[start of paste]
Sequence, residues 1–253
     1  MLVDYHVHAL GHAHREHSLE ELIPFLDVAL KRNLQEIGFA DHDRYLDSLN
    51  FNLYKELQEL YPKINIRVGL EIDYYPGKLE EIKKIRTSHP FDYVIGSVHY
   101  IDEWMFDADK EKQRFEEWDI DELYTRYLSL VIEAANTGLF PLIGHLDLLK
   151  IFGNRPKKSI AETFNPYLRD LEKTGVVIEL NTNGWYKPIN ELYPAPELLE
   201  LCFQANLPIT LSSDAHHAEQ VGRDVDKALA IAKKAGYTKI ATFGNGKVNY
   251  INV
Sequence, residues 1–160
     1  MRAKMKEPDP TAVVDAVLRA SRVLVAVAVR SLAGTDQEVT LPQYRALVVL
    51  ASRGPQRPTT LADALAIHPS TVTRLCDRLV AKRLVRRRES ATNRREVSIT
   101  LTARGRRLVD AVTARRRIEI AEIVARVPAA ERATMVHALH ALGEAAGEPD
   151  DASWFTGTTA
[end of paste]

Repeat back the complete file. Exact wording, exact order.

Sequence, residues 1–253
     1  MLVDYHVHAL GHAHREHSLE ELIPFLDVAL KRNLQEIGFA DHDRYLDSLN
    51  FNLYKELQEL YPKINIRVGL EIDYYPGKLE EIKKIRTSHP FDYVIGSVHY
   101  IDEWMFDADK EKQRFEEWDI DELYTRYLSL VIEAANTGLF PLIGHLDLLK
   151  IFGNRPKKSI AETFNPYLRD LEKTGVVIEL NTNGWYKPIN ELYPAPELLE
   201  LCFQANLPIT LSSDAHHAEQ VGRDVDKALA IAKKAGYTKI ATFGNGKVNY
   251  INV
Sequence, residues 1–160
     1  MRAKMKEPDP TAVVDAVLRA SRVLVAVAVR SLAGTDQEVT LPQYRALVVL
    51  ASRGPQRPTT LADALAIHPS TVTRLCDRLV AKRLVRRRES ATNRREVSIT
   101  LTARGRRLVD AVTARRRIEI AEIVARVPAA ERATMVHALH ALGEAAGEPD
   151  DASWFTGTTA